In latest blow to Pebble prospect, mining giant Rio Tinto is pulling out

WASHINGTON - Global mining giant Rio Tinto is pulling out of the Pebble mine project in Alaska, the latest blow to the controversial plan to build an open pit mine in the best wild salmon stronghold in the world.

Rio Tinto said Monday that it will donate its share in the project to a pair of Alaskan non-profits, the Alaska Community Foundation and the Bristol Bay Native Corp. Education Foundation.

Rio Tinto's decision comes after the Environmental Protection Agency moved closer in recent weeks to blocking the mine. EPA Administrator Gina McCarthy said Pebble would "likely have significant and irreversible negative impacts on the salmon of Bristol Bay." She said her agency would decide on action to protect the salmon under the Clean Water Act, which could lead to a veto of the project.

The British mining powerhouse Anglo American pulled out of the Pebble project last year. Now Rio Tinto is abandoning the effort as well, saying Monday "the Pebble Project does not fit with Rio Tinto's strategy."

"By giving our shares to two respected Alaskan charities, we are ensuring that Alaskans will have a say in Pebble's future development," said Rio Tinto Copper Chief Executive Jean-Sebastien Jacques.

The charitable foundations will each receive half of Rio Tinto's 19 percent share in Northern Dynasty Minerals, the Canadian company whose principal asset is Pebble.

The Bristol Bay Native Corp. Education Foundation said "Rio Tinto's gift will benefit organizations that serve the people and communities of Alaska."

Executive Director Greta Goto said the shares would help the foundation to support educational opportunities for shareholders in the Bristol Bay Native Corp, which represents the interests of Alaska Natives from the area around the proposed mine.

The Bristol Bay Native Corp., though, has been among the fiercest opponents of the Pebble mine. It now suddenly has a stake in the project's success.

Corporation officials said in an interview that the education foundation is managed separately from the corporation as a whole and has its own distinct mission.

"This gift provides an example of what open discussion and relationship building between stakeholders with differing views can accomplish," said Bristol Bay Native Corp. President Jason Metrokin. "However, BBNC's opposition to the proposed Pebble mine has not changed."

The Alaska Community Foundation said its shares would go to create a new fund for supporting vocational education programs, with a focus on building worker skills for resource development industries.

Foundation CEO Candace Winkler said the foundation first heard from Rio Tinto about a week ago. She said she is excited about the possibilities, regardless of the controversy over the mine.

"We understand this is a complex issue and that people have strong feelings on both sides," she said. "We looked it as an opportunity to be involved in workforce development."

It's not clear how much the shares will be worth. Northern Dynasty's stock value has faltered with the continual problems experienced by the Pebble project. The stock fell another 5 percent on Monday at the news that Rio Tinto was pulling out of the project.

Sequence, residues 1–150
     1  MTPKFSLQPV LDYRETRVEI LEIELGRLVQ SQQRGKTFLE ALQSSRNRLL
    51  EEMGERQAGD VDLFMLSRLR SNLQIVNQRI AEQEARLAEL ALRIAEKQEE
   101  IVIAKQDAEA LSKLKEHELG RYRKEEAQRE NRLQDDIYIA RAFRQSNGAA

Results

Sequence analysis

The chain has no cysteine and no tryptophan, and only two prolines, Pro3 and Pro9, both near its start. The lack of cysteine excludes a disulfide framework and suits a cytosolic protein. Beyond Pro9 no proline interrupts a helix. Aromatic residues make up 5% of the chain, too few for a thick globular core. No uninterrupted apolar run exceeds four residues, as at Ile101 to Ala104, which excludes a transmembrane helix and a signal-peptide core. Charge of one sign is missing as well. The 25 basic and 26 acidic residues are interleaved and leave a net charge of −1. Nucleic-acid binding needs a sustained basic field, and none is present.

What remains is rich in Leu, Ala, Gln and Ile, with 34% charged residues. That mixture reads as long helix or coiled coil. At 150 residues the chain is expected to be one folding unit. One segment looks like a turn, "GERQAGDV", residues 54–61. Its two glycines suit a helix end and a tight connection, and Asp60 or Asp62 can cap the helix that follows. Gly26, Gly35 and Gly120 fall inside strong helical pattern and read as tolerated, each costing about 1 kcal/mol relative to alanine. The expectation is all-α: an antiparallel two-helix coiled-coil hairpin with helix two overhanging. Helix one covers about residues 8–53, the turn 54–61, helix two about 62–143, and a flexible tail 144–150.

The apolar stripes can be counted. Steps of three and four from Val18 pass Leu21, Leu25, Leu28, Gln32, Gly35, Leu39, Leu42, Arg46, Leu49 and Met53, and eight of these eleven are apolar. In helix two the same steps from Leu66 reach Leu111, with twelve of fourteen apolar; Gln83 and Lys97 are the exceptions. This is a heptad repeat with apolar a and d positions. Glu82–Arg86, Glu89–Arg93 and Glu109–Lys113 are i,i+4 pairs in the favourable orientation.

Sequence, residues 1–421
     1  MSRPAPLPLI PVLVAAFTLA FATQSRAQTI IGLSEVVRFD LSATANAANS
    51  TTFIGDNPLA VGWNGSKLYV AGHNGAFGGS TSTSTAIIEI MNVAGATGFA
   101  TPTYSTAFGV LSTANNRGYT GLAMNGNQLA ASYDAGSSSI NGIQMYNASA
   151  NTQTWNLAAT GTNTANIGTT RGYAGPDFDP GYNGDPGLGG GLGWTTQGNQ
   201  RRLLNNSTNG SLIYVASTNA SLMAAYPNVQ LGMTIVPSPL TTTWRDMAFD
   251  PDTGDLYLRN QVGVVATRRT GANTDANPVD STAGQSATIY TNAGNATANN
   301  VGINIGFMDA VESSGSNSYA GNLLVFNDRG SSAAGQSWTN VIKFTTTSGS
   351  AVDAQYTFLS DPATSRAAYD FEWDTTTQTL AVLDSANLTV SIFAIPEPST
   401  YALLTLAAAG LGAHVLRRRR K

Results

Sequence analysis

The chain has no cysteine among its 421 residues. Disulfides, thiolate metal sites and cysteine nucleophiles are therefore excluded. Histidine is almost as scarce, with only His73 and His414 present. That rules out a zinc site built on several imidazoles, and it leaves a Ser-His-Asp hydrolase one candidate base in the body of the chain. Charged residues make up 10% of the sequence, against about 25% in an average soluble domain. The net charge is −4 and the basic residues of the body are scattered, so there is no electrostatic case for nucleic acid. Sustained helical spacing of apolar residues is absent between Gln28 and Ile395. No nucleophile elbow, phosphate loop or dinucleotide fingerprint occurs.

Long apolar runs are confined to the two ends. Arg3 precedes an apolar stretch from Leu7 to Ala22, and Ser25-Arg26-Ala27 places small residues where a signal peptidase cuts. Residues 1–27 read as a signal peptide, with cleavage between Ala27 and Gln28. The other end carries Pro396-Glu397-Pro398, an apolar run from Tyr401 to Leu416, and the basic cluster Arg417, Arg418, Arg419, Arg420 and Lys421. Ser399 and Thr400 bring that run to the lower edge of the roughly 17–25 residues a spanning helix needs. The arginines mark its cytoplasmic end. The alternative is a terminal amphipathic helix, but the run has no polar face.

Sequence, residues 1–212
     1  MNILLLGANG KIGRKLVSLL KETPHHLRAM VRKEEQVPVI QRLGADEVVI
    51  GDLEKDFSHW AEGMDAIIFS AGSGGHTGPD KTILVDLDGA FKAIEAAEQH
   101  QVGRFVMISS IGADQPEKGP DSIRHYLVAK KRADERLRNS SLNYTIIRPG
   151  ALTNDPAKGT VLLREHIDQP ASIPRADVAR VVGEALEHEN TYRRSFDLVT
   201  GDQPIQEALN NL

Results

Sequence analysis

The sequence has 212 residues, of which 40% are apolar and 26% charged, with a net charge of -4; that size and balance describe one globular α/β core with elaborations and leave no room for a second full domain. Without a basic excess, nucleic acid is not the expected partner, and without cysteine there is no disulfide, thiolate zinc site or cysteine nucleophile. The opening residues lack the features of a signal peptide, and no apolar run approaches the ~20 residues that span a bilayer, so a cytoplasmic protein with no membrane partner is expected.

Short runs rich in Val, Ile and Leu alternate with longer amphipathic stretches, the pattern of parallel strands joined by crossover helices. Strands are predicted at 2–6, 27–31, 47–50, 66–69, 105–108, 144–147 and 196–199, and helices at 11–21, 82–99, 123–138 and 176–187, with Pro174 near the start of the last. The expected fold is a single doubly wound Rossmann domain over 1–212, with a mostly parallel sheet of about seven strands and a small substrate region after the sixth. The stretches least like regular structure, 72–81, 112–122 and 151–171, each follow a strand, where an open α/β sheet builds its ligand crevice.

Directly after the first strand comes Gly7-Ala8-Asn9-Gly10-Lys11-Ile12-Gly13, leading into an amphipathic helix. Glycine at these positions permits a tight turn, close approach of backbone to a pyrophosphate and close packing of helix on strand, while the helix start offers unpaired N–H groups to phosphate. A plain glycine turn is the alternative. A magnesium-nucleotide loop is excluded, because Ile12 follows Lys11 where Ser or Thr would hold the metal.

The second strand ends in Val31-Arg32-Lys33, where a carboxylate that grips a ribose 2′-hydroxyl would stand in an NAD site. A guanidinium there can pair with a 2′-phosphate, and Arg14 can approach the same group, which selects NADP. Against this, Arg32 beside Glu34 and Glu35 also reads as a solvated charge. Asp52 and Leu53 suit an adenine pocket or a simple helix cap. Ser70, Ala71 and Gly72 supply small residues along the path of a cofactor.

Rio Tinto's decision came under pressure from major investors, including the pension funds of California and New York City. Rio Tinto was risking its reputation with involvement in the Pebble mine, the chief financial officers who oversee those pension funds told the company in a December letter.

The Natural Resources Defense Council hailed Rio Tinto's move as a big step toward the end of the project.

"Rio Tinto's decision is the latest demonstration that the Pebble Mine is economically and environmentally infeasible, even for the largest mining companies in the world," said Joel Reynolds, the western director for the environmental group.

Gov. Sean Parnell, in a written statement, criticized the EPA.

"It's disheartening to see a company like Rio Tinto take its business elsewhere as a result of the current federal regulatory environment," Parnell said.

Pebble ranks among the largest undeveloped copper deposits in the world and Northern Dynasty Minerals is vowing to push on despite all the problems.

Last year's pullout of Anglo American was an especially big blow, leaving Northern Dynasty without the necessary financial backing to construct the mine.

Northern Dynasty is searching for a new partner, and said it will work with the two Alaska foundations that are now major shareholders in one of the most controversial development projects in the history of the state.

Northern Dynasty President Ron Thiessen said his company had previously worked with the Alaska Community Foundation on the Pebble Fund, a grant program for organizations in the Bristol Bay region.

"We look forward to meeting with the leadership of the Alaska Community Foundation and Bristol Bay Native Corp. Education Foundation in the days ahead to better understand their long-term goals and aspirations, and how their ownership interest in Northern Dynasty and the Pebble Project can make the greatest possible contribution to the people and communities they serve," Thiessen said in a written statement.

Email:; Twitter: @seancockerham.


Daily News Washington bureau

Sean Cockerham

Sean Cockerham is a former reporter for the Anchorage Daily News. He also covered Alaska issues for McClatchy Newspapers based in Washington, D.C.